I&T: How does your coaching program work, and how do you measure your results?

Hammond: With total voice and screen information captured by the CEMS platform, The Hartford realized we needed coaching skills and process management that could easily consume and utilize data of this type.

We created the Customer Experience feedback system to include in-depth analytical thinking, best-in-class coaching and diagnostics, and significant amounts of change management. To help manage this consistently, The Hartford developed a team leader decision support system called Data Driven High Performance Coaching (DD-HPC). This system not only includes online performance metrics and scorecards, but also a basket of tools for every individual leading or participating on a team. These tools include intuitive and insightful online performance reporting; linkages to step by step coaching road maps; customizable individual coaching planners and monthly forms to execute, communicate and track coaching and performance.

An online matrix of individual key performance indicators is accessed through a Web site, and has Site, Unit and Representative drop-down boxes. This decision support matrix allows the team leader to quickly identify where the representative needs coaching. It also assists in identifying root cause by listing the most common causes of poor performance within each category, along with the tools utilized to identify root cause. Following root-cause analysis, training suggestions are populated in categories of individual knowledge, skill or desire. This road map leads to an expectation for coaching improvements. It is the basis for consistent identification, diagnosis, improvement, and validation.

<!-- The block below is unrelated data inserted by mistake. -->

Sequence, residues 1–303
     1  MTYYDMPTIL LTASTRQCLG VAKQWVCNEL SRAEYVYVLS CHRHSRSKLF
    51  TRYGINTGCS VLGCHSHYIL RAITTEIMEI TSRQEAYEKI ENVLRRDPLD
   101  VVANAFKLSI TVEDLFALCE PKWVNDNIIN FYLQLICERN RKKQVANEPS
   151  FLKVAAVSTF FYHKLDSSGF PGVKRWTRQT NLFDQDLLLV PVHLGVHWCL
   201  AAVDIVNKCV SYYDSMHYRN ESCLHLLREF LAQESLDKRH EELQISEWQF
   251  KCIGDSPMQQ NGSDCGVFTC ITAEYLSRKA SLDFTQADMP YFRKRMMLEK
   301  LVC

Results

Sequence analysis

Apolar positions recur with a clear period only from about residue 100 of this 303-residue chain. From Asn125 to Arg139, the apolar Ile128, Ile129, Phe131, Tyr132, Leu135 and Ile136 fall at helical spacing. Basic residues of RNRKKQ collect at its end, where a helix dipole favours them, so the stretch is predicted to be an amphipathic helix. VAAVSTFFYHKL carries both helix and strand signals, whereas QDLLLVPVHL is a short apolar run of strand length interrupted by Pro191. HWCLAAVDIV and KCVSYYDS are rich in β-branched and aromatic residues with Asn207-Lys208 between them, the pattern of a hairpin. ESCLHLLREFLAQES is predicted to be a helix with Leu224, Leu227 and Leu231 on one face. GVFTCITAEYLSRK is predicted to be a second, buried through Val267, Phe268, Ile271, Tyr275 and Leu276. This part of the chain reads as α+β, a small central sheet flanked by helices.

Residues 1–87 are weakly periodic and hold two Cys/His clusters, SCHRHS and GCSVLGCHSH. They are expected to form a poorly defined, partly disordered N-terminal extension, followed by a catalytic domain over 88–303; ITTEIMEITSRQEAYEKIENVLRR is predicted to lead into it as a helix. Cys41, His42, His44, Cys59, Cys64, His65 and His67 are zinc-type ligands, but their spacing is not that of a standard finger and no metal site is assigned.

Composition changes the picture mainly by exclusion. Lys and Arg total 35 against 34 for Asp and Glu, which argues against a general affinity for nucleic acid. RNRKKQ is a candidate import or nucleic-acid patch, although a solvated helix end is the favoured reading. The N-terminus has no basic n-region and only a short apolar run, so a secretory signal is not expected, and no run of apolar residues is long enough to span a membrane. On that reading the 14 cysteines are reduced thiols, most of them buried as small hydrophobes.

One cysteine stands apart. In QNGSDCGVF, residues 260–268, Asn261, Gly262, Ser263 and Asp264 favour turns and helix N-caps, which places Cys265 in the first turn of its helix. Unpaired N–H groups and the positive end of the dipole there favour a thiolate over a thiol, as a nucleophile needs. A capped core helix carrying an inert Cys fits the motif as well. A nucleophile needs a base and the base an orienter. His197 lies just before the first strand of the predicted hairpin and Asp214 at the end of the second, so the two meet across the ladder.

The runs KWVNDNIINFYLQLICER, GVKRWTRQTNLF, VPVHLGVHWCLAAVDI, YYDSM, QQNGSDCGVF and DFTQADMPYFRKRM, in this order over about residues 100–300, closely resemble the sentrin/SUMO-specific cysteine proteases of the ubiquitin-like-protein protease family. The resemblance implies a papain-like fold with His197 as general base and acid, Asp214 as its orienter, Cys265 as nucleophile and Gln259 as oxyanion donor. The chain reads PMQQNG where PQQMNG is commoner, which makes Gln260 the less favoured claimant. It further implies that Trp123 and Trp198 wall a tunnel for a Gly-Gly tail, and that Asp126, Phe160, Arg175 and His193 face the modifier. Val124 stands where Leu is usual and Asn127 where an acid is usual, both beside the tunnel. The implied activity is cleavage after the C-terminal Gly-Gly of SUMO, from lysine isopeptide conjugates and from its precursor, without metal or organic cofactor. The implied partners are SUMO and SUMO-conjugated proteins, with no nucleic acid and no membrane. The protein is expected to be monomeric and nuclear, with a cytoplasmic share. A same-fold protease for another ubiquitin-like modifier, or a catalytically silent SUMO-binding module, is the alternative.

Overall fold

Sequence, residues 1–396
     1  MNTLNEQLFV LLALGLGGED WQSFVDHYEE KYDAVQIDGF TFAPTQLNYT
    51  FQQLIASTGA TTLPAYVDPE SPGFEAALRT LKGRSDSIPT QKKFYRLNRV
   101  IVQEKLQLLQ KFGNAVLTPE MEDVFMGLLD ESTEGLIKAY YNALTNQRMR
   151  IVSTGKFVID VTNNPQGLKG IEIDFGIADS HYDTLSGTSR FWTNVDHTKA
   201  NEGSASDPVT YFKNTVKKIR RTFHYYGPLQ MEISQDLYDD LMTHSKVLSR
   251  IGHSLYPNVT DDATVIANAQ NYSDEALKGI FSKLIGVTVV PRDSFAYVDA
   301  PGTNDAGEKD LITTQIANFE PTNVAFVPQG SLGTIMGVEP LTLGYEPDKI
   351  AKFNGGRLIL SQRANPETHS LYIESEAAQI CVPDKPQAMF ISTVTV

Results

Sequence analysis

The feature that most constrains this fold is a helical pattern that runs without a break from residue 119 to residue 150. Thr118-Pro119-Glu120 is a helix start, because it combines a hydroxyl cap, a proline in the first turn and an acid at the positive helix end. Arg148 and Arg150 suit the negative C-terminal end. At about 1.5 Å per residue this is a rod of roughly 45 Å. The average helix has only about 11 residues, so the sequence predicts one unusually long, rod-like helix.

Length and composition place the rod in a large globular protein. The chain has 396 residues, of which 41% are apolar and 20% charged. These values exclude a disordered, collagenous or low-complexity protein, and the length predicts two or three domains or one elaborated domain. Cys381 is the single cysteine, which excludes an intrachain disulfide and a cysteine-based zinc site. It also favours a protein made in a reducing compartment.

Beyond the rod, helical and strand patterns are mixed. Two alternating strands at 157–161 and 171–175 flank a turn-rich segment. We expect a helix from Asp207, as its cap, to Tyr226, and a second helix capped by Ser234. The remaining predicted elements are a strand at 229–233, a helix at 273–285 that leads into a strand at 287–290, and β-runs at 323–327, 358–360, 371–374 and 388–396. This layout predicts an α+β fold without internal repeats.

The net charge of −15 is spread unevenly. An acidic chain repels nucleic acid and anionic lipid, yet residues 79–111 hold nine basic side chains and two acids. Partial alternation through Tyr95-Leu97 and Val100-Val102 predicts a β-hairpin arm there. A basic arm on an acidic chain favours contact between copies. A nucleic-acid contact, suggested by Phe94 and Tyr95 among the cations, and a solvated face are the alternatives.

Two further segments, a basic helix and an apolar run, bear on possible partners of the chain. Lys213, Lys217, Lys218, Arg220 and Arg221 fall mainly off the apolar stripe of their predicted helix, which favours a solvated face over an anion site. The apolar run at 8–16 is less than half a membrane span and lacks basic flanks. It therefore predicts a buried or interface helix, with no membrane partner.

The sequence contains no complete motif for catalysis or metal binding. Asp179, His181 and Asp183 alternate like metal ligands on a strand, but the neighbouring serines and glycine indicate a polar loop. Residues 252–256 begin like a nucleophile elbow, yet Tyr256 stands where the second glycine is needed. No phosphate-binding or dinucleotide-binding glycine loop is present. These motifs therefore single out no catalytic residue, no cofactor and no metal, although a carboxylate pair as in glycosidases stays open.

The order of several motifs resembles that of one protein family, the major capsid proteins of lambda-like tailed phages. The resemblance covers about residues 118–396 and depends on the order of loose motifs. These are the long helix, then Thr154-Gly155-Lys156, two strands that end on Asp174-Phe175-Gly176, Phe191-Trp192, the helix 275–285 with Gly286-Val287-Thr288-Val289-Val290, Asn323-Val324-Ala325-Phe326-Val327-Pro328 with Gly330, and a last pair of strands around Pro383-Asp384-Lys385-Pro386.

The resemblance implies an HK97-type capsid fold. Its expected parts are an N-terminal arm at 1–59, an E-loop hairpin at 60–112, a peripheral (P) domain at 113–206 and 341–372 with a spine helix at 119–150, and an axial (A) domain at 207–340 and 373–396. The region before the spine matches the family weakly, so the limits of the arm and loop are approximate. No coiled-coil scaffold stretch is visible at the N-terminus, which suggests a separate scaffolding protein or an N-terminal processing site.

I&T: What are the benefits of this approach, in terms of customer satisfaction, employee retention and efficiency?

Hammond: Ultimately, customer-focused, closed-loop coaching models provide the ability to focus a large organization on a balance between operational efficiency and customer effectiveness. This included a consistent and accurate measurement system to raise the bar on all parts of the organization, improve cost management and provide positive impact to the customer experience. Areas of customer satisfaction cost and revenue, and especially employee satisfaction, have had sustainable improvements.

One surprising benefit was the development of growing operational self-discovery. The ability to record 100 percent of the transactions began to bring in exponential experiences across operations. Seeing and hearing yourself service the customer became the most powerful benefit we had delivered within the system. Each representative has the ability to review any and every transaction, understanding that every customer is important, every contact delivers a lasting experience, and every connection with the customer and the company defines the brand. We have the ability to record every branding moment occurring within the company and measure each one of those moments to help us understand and define the leading and lagging metrics around The Hartford Experience.

Anthony O'Donnell has covered technology in the insurance industry since 2000, when he joined the editorial staff of Insurance & Technology. As an editor and reporter for I&T and the InformationWeek Financial Services of TechWeb he has written on all areas of information ... View Full Bio